ANN: heavy updates to inca, apl calculator in (overly-)terse C

Discussion in 'C Programming' started by luser droog, May 4, 2014.

  1. luser droog

    luser droog Guest

    The inca interpreter has incorporated strange new features
    in the area of programmability and accessibility.
    It is available in an online version compiled to javascript
    courtesy of Thomas Baruchel http://baruchel.hd.free.fr/apps/apl/inca/
    as well as the master repo
    https://github.com/luser-dr00g/inca

    Essentially, the change over the previous announcement is
    the new "command-string" type, and special-syntax functions
    to make more use of it.

    The new colon special monadic function consumes the remaining
    subexpression's code representation in an array. Thus

    f<:x+y

    Sets f to the function x+y. f may be called as a procedure,
    where x and y refer to global variables with the semicolon
    (execute operator)

    x<2
    y<3
    ;f
    5

    Or, it may be called functionally, where x and y refer to
    local arguments with the double-quote function.

    2"f3
    5

    Or, a monadic function, using only the y argument may be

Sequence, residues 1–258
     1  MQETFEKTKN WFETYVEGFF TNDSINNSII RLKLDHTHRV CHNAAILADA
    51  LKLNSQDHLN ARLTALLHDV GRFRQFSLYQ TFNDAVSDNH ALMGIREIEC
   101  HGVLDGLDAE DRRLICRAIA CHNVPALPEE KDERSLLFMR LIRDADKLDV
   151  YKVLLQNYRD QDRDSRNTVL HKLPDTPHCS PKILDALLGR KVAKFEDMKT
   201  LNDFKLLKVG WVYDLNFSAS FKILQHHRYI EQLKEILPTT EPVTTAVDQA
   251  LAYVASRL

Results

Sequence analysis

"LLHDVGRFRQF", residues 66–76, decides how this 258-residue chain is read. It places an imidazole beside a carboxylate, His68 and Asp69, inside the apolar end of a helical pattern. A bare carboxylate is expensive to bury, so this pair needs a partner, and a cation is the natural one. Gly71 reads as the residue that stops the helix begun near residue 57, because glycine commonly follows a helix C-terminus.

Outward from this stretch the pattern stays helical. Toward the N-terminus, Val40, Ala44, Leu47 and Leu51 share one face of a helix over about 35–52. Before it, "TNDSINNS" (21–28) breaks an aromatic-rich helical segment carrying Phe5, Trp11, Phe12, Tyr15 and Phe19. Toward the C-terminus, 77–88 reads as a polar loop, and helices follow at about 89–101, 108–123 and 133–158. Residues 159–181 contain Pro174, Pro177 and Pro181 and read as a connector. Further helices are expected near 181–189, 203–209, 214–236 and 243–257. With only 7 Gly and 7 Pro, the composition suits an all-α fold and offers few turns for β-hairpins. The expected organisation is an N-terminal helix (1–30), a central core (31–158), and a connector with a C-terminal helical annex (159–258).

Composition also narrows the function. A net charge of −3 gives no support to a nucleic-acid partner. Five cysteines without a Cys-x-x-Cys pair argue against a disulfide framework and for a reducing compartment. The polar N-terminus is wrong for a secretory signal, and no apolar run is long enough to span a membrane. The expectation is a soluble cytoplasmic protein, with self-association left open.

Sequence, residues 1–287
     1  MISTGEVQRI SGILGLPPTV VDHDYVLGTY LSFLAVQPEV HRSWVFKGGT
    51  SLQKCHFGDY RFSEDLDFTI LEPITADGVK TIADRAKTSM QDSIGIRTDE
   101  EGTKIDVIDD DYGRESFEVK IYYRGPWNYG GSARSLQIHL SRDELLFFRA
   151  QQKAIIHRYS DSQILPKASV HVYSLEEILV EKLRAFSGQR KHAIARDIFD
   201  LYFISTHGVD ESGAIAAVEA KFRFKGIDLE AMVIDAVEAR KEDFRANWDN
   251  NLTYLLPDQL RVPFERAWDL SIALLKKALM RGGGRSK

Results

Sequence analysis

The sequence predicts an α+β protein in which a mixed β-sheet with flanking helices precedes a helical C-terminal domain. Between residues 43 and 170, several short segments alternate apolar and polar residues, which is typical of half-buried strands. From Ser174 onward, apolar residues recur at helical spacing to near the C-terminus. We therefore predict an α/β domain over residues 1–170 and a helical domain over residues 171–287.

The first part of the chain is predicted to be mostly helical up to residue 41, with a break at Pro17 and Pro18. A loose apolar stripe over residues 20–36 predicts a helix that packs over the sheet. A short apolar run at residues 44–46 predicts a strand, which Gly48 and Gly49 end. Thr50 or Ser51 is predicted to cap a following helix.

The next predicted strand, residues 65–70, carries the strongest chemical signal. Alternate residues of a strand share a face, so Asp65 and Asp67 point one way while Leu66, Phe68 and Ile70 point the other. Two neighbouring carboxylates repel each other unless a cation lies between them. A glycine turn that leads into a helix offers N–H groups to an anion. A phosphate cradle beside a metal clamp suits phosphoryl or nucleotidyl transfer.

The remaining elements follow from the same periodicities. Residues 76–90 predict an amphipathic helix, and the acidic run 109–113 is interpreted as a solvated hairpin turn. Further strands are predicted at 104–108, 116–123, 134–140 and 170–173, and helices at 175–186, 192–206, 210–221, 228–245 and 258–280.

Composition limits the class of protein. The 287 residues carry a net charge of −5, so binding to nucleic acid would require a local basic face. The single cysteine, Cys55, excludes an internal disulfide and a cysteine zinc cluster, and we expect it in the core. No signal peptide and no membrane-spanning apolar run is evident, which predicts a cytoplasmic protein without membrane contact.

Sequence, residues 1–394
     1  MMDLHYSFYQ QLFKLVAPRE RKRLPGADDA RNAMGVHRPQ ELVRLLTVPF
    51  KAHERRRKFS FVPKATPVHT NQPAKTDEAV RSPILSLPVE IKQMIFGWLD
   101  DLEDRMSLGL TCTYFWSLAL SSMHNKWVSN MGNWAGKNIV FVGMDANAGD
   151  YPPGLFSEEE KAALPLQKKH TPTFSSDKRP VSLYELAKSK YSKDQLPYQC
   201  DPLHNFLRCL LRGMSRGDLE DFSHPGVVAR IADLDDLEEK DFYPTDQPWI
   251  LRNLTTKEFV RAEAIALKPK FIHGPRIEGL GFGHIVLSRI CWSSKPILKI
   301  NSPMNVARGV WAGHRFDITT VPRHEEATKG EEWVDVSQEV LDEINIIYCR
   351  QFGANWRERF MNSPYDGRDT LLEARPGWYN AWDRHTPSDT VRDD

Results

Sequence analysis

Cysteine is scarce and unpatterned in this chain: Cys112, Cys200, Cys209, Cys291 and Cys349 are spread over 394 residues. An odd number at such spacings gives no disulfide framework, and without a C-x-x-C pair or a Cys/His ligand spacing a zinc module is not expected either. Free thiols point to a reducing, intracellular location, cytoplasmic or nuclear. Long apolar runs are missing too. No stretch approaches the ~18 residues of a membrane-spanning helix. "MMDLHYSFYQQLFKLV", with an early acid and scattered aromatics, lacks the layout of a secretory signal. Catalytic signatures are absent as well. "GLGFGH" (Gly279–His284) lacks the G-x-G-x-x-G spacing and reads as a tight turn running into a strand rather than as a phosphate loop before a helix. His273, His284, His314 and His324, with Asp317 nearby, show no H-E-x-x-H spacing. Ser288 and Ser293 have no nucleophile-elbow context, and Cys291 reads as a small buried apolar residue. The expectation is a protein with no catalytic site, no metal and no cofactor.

called with the single-quote function.

    g<:y*2
    'g3
    9

    The quote and double-quote functions also accept (as special
    syntax) a parenthesized expression in place of the variable
    (or other expression yielding the command-string-type array).
    This expression may use x and y as arguments as with a
    "named" function.

    '(y*2)3
    9

    And this presents enough to define recursive functions,
    like Fibonacci:

    f<:;(y>1){(<:1);<:('fy-1)+'fy-2

    Where the brace { is the "from" function, or [index]array,
    and here the index is a Boolean zero or one which indexes
    two expressions, :1 and :('fy-1)+'fy-2. These are boxed
    with angle-bracket < so they can be combined into a
    single array with semicolon ; to be selected from.

    The interpreter also defines the variable a to contain
    a boxed-array of command-string arrays which represent
    the argv strings passed to the program, allowing inca
    to access external data files via shell `cat ...` expansion.

    The C code is getting pretty gawdoffal, but the language
    itself is proving to be lots of fun to play with. YMMV.
     
    luser droog, May 4, 2014
    #1
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